The story begins when 600 year old Noe comes home late for supper and announces to his long-suffering wife "I must build a boat," despite their being nowhere remotely near the sea. While out in the mustard field God spoke to Noe and informed him that because the world has become riddled with sin and corruption on such a rampant, widespread scale He has decided to destroy it with a great flood and start over fresh. And he wants Noe and his family to survive and repopulate the world with people and animals. In order to do this Noe must build an ark, a great ship, 300 cubits long, by 50 cubits wide, and 30 cubits tall, and fill it with breeding pairs of every species of animal from the tiniest to the towering.

After years of putting up with Noah and his special relationship with God, his wife has learned to just nod and go with the flow. And so, trusting God to provide, Noe sets about making God's words a reality.

While he and sons labor to construct this titanic floating barnyard, their wives are given the onerous task of collecting the necessary animals; the non-domestic varieties not readily at hand.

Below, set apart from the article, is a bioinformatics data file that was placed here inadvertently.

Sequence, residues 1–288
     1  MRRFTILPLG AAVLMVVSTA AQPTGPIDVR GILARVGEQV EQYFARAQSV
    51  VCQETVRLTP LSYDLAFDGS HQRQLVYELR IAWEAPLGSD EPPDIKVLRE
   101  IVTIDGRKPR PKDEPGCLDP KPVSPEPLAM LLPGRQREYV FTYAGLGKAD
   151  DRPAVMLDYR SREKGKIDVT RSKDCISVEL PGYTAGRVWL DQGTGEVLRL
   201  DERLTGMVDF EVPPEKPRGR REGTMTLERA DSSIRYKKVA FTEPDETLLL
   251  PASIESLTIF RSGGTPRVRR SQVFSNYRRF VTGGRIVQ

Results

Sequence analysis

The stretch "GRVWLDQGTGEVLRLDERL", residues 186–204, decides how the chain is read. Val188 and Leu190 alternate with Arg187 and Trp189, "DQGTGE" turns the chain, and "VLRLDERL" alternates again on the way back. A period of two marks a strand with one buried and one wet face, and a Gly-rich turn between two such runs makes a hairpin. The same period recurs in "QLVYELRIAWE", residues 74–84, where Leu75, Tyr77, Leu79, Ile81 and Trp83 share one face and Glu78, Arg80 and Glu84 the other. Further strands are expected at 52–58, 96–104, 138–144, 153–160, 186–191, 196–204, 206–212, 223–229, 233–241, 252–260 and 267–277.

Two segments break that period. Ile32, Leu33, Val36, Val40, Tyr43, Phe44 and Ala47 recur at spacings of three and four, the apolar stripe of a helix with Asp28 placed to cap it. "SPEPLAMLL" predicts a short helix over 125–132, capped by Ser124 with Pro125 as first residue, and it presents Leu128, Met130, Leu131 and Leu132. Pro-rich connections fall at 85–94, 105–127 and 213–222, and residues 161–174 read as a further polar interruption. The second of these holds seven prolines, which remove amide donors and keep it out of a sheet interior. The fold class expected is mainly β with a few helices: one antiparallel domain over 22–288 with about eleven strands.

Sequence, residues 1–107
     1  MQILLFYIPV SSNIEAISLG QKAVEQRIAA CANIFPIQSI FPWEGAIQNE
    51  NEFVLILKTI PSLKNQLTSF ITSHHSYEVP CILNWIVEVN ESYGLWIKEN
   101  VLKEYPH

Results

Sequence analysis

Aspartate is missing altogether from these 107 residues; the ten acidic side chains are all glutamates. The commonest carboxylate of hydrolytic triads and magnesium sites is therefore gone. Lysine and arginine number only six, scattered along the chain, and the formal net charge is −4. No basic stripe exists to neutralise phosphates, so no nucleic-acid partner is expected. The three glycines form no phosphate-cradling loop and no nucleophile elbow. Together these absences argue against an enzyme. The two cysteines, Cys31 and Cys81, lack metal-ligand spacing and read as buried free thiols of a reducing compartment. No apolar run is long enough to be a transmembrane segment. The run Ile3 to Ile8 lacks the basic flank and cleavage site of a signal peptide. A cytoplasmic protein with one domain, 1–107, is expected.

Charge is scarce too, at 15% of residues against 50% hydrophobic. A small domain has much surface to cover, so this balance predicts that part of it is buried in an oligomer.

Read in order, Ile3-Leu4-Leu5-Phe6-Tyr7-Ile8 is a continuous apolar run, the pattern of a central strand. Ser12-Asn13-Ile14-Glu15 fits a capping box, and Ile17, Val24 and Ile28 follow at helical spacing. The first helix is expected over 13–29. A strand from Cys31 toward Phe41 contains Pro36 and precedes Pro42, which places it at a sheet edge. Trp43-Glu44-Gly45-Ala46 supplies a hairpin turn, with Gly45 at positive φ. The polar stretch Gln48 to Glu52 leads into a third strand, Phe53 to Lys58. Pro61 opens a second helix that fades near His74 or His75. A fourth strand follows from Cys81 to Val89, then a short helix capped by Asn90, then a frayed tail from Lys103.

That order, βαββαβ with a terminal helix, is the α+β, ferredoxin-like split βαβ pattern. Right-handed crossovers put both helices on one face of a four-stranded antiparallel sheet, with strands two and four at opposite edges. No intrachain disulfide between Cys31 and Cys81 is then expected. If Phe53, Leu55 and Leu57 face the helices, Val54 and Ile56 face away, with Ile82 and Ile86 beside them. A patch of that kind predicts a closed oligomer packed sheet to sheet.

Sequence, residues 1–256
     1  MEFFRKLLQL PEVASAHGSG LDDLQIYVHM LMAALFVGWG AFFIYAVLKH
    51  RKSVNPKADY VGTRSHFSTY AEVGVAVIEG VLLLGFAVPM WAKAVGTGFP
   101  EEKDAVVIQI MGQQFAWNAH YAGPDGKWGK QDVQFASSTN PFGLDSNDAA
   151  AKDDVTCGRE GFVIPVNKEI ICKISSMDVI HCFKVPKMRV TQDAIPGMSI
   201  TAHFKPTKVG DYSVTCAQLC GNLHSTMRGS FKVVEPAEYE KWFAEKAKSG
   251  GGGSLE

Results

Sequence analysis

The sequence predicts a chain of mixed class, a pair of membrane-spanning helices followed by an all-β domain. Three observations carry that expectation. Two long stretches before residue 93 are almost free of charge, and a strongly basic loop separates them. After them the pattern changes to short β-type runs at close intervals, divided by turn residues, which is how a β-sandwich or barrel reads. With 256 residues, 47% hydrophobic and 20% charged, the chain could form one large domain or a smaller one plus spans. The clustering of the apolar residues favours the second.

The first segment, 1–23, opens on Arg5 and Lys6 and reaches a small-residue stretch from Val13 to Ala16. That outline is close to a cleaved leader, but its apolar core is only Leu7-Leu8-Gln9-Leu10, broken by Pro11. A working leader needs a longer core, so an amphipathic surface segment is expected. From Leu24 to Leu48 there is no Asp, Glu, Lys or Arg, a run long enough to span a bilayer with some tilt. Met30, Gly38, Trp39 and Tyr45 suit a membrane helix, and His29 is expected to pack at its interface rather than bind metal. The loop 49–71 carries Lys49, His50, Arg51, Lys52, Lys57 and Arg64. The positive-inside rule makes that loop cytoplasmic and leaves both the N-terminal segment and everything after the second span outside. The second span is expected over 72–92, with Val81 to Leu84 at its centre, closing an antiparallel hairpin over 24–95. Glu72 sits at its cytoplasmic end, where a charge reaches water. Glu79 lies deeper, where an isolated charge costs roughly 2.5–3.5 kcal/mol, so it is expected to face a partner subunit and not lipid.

Bera journeys back to her homeland where she finds her estranged father dying; repenting selling his daughter into slavery, he makes her a gift of his private menagerie, which includes such exotic specimens as apes of all sorts, including monkeys and baboons, various jungle cats, crocodiles, hippos, gazelles, elephants, ostriches, anteaters, rhinos, armadillos, giraffes, and zebras. As she is on the verge of departing, Bera receives an even more precious gift, a pair of newborn twins, a boy and girl, whose mother died in childbirth, leading their grief-stricken father to despise them. A miracle then occurs, the barren Bera's breasts begin to spout milk to provide her newly acquired children with sustenance.

Impersonating a priestess of Oda, a blood-drinking goddess, to save herself from rape and enlist the aid of a group of wolfskin-clad barbarains, Ilya returns to the northlands where she was born and brings back a fine collection of foxes, wolves, bears, and deer.